The notion of a ‘border’ or ‘boundary’ is both straightforward and highly complex. When it comes to our most intimate spaces – our bodies or our homes, for example – most of us have a relatively clear idea of what our personal boundaries are, that is: of who may and may not enter those spaces; of what they may and may not do there, and of how and when certain kinds of permissions or exceptions are and are not to be granted. Moreover, with respect to these closest of personal boundaries, we seem to have a special kind of authority such that our preferences are decisive. Things change however when the space hemmed in by a given boundary is less intimate. Consider, for example, what the appropriate conditions are on who may or may not enter your neighborhood. Or on who may or may not live there. Questions at this level are harder to answer for a variety of reasons, not least of which is the fact that your neighborhood is not ‘yours’ in the same sense as your body or your home are. So even if you feel you may have some idea about how to answer these further questions, chances are you also think that it is not to be settled by you alone, but in concert with the other members of your community. Having said this much, it should be clear that when we ask similar questions about boundaries (who may cross them and when and why, and for how long, etc.) while widening the space beyond your neighborhood, to your city, your state, or your country, things are likely to seem even more difficult.
One natural thought is that such broader questions are best settled by vote. This is intuitive, and certainly voting has many advantages: as a process, it’s relatively simple, it has an air of fairness about it, and offers the additional bonus of providing a new kind of authority to replace the personal authority that settles questions about more intimate boundaries, namely: legal authority. The main trouble with voting of course is that by generating majorities, it also generates minorities. While the generation of minorities may be tolerable in certain kinds of cases (where the stakes are sufficiently low, for example), in others it is highly problematic, such as when they are based on the wrong kinds of factors, like colour, creed, or cultural background. And of course, questions about borders and boundaries – immigration and or refugee rights, to name just two – are particularly susceptible to these kinds of problems, since it’s often members of such minorities who are seeking entry into a given country. Moreover, this particular species of democratic injustice is also self-perpetuating insofar as it’s the majority groups that make and enforce the laws that constrain the social and legal situation for various minority groups, and make it harder for their political voice to be heard. As a result the aforementioned injustices can easily become systemic and entrenched.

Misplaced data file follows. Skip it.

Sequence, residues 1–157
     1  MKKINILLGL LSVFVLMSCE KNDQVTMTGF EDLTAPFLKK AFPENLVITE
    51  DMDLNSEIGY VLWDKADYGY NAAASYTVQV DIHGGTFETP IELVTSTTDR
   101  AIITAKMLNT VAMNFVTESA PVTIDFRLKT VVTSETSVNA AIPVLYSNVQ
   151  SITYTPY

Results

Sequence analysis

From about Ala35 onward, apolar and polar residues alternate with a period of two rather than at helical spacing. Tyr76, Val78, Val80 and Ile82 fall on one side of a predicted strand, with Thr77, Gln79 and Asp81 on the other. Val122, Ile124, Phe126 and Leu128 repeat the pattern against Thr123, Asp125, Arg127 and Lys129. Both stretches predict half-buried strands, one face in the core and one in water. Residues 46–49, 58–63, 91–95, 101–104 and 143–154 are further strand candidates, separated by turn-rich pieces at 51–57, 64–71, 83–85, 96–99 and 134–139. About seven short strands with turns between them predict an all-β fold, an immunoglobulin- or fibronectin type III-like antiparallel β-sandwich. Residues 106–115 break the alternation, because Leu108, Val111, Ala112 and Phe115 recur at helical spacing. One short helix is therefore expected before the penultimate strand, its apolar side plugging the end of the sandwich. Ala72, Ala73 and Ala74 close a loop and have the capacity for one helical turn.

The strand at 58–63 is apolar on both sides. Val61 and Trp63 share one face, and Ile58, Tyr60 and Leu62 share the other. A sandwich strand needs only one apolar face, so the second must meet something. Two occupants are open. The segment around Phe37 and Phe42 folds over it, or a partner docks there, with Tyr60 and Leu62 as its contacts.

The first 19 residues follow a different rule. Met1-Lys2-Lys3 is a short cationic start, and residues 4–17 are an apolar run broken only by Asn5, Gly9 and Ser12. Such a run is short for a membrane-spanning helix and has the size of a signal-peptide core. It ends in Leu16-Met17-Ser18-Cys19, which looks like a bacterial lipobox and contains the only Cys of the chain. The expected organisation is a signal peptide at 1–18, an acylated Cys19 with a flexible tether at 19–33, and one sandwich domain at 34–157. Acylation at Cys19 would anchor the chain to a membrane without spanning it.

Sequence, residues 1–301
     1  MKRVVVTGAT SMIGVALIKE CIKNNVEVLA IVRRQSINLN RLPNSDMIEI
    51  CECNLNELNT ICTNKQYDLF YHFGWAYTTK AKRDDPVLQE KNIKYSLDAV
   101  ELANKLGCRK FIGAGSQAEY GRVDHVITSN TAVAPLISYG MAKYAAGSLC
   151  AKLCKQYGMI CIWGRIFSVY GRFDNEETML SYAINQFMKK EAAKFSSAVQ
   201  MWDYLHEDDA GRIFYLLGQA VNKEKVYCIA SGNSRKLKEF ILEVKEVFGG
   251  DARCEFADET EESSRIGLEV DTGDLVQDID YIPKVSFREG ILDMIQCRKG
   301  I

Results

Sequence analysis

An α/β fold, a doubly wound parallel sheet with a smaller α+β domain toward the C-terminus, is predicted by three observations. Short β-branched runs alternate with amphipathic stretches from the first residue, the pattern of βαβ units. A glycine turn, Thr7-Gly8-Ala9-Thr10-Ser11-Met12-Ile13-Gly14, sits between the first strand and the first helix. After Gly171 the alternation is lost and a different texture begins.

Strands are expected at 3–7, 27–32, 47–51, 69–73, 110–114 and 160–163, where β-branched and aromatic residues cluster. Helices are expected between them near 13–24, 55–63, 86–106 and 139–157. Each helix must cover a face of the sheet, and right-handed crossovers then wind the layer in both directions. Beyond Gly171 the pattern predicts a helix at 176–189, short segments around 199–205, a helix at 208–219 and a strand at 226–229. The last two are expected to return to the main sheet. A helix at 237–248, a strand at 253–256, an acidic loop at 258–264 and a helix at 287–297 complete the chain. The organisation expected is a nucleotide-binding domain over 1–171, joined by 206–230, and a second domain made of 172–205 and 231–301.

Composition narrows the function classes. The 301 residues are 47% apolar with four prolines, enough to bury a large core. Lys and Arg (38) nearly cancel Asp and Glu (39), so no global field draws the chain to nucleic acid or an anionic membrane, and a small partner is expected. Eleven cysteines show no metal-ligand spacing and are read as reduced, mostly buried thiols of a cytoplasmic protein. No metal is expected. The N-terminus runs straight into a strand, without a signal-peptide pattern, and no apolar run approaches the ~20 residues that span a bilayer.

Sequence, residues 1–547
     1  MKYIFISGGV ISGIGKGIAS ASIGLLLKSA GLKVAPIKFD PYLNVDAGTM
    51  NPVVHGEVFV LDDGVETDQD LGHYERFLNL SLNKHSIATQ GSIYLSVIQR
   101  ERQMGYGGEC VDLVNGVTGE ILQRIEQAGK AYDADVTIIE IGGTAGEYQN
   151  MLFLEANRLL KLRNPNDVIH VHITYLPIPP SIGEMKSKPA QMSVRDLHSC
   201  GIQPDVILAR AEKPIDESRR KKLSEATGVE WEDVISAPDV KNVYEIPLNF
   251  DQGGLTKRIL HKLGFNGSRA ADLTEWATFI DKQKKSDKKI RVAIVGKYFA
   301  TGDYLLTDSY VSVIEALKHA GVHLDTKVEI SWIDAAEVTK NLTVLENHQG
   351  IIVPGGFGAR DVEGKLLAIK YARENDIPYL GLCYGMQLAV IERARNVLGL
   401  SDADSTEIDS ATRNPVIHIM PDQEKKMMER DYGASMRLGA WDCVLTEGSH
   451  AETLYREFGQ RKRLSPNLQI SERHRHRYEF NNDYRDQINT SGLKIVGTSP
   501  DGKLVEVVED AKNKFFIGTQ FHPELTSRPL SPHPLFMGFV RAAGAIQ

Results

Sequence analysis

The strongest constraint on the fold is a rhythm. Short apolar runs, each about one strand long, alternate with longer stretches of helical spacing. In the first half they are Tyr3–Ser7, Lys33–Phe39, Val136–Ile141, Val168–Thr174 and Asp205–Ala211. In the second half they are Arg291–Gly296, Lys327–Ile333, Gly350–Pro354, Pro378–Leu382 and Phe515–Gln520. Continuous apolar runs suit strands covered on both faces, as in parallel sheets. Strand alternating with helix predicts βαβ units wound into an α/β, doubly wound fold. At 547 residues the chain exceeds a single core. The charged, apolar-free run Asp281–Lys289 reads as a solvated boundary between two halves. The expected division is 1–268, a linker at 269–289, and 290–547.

Some will no doubt want to deny the fact of systemic and cultural injustice, but it is really not controversial. Others who recognize such injustices may be led to question the legitimacy of legal authority when it comes to settling questions about borders and boundaries, or, for that matter, any question upon which racial or cultural groups are consistently divided. This situation raises deeper issues about the relationship between legal and moral authority generally. Thus, while most of us likely believe we have a general obligation to obey the law, it seems patently obvious that the law can be, and often is, unjust. What are we to do in such cases? One way into this issue is to consider what, if anything, grounds or justifies our obligation to obey the law, and how far that justification goes. For example, is the said obligation a moral one, like the obligation we have to help someone in dire need, for example? Or is it an obligation of some other kind, like, say, the one children have to obey their parents? If it’s a moral one, then it ought at least to be sensitive to other kinds of moral considerations – like those related to fairness and justice – and we will face the issue of how and when certain kinds of moral reasons yield to others. If it’s a non-moral obligation, then we will face the issue of how and when it can be trumped by moral considerations of the sort just mentioned, which most of us take to be fundamental and non-optional.
Faced with the often painful realities of life in our boundary-laden world, such abstract questions can seem irrelevant, but reflecting on them can help shed new light on these difficult issues. For example, considering the ground of our legal obligations can help us get clearer on the nature of obligations generally – especially moral ones, and on when they matter most, and why. Moreover, asking these kinds of questions may help us to uncover the various thoughts and feelings that give rise, perhaps unthinkingly, to our own personal views about who to let across our borders. We may discover, for example, that our unwillingness to open up to certain people, even in times of extreme need, is grounded in some irrational fear, be it of the people themselves, or of some threat we take them to pose to our nation. Once we expose these fears, we can work to suppress them so as to better attune ourselves to the hardship and suffering faced by so many of those who find themselves forced to flee their own nations, often for reasons beyond their control. From this new perspective, the various borders and boundaries that keep some in and others out (along with the laws that “guard” them) will likely seem far less important than the plight of real people who, however different they may be from us in various superficial ways, are nevertheless alike in their basic wants and needs, in their desire to be happy and safe, and to have, like us, a place to call home.